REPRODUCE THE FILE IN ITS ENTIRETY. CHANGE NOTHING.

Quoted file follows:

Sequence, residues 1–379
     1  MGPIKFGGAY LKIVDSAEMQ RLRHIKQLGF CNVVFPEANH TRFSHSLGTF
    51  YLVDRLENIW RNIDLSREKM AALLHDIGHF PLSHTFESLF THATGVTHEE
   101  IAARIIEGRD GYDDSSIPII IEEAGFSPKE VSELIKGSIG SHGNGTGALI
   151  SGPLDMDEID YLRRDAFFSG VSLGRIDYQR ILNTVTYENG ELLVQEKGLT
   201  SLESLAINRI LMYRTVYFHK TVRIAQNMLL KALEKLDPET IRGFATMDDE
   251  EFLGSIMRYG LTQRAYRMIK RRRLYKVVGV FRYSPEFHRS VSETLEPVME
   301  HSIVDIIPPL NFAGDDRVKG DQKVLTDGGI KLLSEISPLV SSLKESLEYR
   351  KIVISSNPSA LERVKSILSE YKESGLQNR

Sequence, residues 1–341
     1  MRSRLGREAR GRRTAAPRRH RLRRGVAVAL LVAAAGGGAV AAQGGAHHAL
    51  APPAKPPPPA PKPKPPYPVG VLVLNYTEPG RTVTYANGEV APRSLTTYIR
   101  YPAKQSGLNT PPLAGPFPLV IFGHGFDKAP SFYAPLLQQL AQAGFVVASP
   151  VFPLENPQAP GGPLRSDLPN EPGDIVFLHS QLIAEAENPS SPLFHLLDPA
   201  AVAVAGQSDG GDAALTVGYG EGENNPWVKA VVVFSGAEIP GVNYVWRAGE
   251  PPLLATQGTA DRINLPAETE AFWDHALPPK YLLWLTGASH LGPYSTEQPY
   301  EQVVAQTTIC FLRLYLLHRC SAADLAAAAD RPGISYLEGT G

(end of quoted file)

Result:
Sequence, residues 1–379
     1  MGPIKFGGAY LKIVDSAEMQ RLRHIKQLGF CNVVFPEANH TRFSHSLGTF
    51  YLVDRLENIW RNIDLSREKM AALLHDIGHF PLSHTFESLF THATGVTHEE
   101  IAARIIEGRD GYDDSSIPII IEEAGFSPKE VSELIKGSIG SHGNGTGALI
   151  SGPLDMDEID YLRRDAFFSG VSLGRIDYQR ILNTVTYENG ELLVQEKGLT
   201  SLESLAINRI LMYRTVYFHK TVRIAQNMLL KALEKLDPET IRGFATMDDE
   251  EFLGSIMRYG LTQRAYRMIK RRRLYKVVGV FRYSPEFHRS VSETLEPVME
   301  HSIVDIIPPL NFAGDDRVKG DQKVLTDGGI KLLSEISPLV SSLKESLEYR
   351  KIVISSNPSA LERVKSILSE YKESGLQNR

Sequence, residues 1–341
     1  MRSRLGREAR GRRTAAPRRH RLRRGVAVAL LVAAAGGGAV AAQGGAHHAL
    51  APPAKPPPPA PKPKPPYPVG VLVLNYTEPG RTVTYANGEV APRSLTTYIR
   101  YPAKQSGLNT PPLAGPFPLV IFGHGFDKAP SFYAPLLQQL AQAGFVVASP
   151  VFPLENPQAP GGPLRSDLPN EPGDIVFLHS QLIAEAENPS SPLFHLLDPA
   201  AVAVAGQSDG GDAALTVGYG EGENNPWVKA VVVFSGAEIP GVNYVWRAGE
   251  PPLLATQGTA DRINLPAETE AFWDHALPPK YLLWLTGASH LGPYSTEQPY
   301  EQVVAQTTIC FLRLYLLHRC SAADLAAAAD RPGISYLEGT G